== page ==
Salary vs Hourly: Which Is Better? Insights From A Recruiter

Wondering what being on a salary is? Or wondering what being paid hourly is? And lastly, wondering which is better? We’re going to answer all of these questions in this quick guide.

Let’s first dig into what the basic understanding is of being on a salary or being paid hourly.

What Is Being Paid On A Salary

Being paid on a salary is when you are compensated a fixed amount per year, which is usually divided into bi-weekly portions that are paid to you. Salary compensation means that you are not fixed to working any certain number of hours. You are measured and compensated based on your merit and the completion of your work.

This does mean that if you were to work late on a Friday night, you wouldn’t receive any additional compensation for your efforts.

What Is Being Paid Hourly

Being paid hourly is when your compensation is based on a fixed hourly amount and the amount of time you spent on the job. Usually, hours will be tracked by your employer when you are paid hourly. Federal law states that if you work more than 40 hours per week for a company that they must pay you overtime compensation.

Just like in our previous example, this means that if you were to work late on a Friday night (and those hours extended beyond 40 works per week) that you would have to receive overtime compensation.

How Many Hours Can I Work When Paid Hourly

There are two questions that are often asked, can an employer make you work more than 12 hours a day? And can an employer make you work more than 16 hours a day?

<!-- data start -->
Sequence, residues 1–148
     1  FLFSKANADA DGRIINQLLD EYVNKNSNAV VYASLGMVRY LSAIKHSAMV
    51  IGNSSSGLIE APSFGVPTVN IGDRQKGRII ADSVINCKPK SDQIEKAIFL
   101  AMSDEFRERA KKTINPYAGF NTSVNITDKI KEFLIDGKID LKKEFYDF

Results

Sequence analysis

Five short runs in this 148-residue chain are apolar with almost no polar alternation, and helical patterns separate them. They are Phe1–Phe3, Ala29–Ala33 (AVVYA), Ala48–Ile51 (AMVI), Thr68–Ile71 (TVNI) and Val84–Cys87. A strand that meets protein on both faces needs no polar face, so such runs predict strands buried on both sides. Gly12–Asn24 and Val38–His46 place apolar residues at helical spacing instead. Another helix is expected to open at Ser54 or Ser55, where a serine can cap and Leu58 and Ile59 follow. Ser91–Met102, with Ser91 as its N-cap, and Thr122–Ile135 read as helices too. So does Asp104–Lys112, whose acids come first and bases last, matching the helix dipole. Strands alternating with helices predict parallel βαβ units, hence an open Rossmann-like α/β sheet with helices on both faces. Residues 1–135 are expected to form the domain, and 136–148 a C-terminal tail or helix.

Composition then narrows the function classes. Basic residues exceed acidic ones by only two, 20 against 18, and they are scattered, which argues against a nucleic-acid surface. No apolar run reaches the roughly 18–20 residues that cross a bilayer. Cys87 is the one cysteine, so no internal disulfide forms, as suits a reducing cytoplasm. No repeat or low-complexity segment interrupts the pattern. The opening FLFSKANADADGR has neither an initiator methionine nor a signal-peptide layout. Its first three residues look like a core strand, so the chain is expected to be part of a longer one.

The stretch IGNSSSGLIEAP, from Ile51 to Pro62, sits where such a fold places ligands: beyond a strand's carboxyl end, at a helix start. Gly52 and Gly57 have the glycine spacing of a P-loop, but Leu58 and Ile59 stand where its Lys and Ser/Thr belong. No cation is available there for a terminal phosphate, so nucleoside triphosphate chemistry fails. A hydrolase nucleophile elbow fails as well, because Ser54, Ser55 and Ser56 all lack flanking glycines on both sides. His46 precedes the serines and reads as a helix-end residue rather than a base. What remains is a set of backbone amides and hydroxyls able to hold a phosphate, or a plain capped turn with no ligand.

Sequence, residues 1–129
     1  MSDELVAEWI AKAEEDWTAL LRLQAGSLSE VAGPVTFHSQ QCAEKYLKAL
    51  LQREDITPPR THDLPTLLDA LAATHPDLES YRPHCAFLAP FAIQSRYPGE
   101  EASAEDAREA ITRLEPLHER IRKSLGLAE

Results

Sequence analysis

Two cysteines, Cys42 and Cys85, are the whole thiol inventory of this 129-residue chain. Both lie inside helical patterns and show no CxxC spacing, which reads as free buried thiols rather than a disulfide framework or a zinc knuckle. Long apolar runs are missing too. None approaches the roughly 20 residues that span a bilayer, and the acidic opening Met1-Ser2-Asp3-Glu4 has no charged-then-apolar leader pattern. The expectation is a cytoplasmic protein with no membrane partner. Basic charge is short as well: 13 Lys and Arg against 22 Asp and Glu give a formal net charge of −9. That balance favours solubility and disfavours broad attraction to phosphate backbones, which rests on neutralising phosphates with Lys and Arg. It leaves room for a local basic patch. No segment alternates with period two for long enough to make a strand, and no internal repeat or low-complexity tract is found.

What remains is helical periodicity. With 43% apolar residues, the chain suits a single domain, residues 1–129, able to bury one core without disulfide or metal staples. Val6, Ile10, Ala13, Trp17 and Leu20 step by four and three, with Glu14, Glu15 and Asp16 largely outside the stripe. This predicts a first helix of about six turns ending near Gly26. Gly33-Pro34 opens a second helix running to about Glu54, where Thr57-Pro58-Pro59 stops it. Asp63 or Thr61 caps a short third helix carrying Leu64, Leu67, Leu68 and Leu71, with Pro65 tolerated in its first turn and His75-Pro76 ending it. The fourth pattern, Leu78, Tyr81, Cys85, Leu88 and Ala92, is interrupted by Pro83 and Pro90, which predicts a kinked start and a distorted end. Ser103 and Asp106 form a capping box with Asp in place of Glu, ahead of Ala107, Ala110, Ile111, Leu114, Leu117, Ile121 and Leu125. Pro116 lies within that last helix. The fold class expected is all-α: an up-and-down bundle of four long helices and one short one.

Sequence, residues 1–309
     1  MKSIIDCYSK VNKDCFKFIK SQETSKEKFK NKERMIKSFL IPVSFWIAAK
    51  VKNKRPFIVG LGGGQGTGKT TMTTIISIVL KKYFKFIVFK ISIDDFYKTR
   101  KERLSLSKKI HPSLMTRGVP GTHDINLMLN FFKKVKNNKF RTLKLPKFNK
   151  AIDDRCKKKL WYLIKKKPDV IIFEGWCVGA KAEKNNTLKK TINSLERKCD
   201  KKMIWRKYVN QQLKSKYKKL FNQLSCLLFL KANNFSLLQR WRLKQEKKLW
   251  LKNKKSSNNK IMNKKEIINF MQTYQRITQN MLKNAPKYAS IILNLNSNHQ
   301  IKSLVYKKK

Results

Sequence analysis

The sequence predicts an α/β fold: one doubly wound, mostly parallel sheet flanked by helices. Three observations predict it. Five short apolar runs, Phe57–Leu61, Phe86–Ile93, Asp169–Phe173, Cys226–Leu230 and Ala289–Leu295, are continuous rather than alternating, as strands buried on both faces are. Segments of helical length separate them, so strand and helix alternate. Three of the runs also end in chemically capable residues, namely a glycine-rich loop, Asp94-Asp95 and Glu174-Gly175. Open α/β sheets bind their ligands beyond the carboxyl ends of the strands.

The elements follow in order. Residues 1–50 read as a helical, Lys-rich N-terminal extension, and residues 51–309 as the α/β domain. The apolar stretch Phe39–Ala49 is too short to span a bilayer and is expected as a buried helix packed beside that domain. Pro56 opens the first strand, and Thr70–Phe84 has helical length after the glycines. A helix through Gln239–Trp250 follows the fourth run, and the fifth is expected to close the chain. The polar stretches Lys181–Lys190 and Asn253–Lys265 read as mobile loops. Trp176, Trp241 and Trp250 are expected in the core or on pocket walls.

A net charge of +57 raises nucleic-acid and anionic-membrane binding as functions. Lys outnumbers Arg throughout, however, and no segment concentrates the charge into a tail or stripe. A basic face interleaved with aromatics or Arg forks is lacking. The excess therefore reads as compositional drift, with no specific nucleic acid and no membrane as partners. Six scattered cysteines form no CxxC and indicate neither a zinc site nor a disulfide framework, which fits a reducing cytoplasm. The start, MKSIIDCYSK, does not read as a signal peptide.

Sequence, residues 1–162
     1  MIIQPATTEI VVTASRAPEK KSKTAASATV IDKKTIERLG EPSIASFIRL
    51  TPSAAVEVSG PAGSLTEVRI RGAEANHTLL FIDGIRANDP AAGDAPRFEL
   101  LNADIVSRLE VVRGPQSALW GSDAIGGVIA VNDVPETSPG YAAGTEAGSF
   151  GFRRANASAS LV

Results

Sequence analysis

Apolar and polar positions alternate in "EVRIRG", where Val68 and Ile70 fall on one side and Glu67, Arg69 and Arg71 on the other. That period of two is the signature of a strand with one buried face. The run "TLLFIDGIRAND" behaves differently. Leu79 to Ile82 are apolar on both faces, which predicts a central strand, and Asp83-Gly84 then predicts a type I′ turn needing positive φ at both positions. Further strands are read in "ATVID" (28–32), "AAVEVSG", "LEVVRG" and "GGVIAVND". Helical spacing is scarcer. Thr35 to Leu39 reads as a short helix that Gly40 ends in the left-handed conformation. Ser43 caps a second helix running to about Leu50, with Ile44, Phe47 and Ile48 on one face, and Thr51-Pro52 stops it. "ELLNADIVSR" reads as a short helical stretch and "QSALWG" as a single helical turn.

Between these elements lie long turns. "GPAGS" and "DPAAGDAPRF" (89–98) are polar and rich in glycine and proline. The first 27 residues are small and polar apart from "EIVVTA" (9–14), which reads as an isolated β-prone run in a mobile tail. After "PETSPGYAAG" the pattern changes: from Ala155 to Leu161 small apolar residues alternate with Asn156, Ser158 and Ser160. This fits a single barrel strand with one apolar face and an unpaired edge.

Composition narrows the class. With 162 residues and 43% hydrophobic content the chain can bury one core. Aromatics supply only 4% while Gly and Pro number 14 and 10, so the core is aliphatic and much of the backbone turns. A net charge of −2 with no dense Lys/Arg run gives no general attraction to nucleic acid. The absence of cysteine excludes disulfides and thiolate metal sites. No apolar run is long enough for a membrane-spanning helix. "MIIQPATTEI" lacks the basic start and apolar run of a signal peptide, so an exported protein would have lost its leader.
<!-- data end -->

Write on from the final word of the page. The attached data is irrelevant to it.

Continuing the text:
Working More Than 12 Hours A Day

The short answer is yes. Your employer can make you work more than 12 hours per day. According to the Fair Labor Standards Act or FLSA (29 U.S.C. § 201 and following), the federal overtime law, there is no limit on the number of hours that your employer can make you work. And by refusing to work this overtime, the employer does have the right to terminate your employment.

Working More than 16 Hours A Day

Again, the answer is yes. If you don’t have any restricted working hours in your employment agreement, then you might have to work long hours if asked. The Fair Labor Standards Act or FLSA does enforce proper meal breaks and working breaks. If you are concerned that you are being overworked, be sure to speak with your employer about their break policy during overtime.

Which Is Better: Salary Or Hourly?

While both have their advantages and disadvantages, the better option is going to be salary. Hourly workers are often at more will of the job market. If the employe loses a contract, the employee loses a job. That instability is difficult to deal with. Additionally, by being on salary compensation you are usually provided a significant number of benefits (healthcare, dental, eye care, bonus compensation or other).

Hourly workers are subject to frequent job adaptability challenges. While salaried workers feel more security with their employment.

If you have the option, speak with your employer about becoming a salaried worker. You might be surprised how many employers would be open to the discussion of transitioning from hourly wages to annual wages as it pertains to your employment arrangement and compensation package.

author: patrick algrim
About the author

Patrick Algrim is an experienced executive who has spent a number of years in Silicon Valley hiring and coaching some of the world’s most valuable technology teams. Patrick has been a source for Human Resources and career related insights for Forbes, Glassdoor, Entrepreneur,, SparkHire, and many more.


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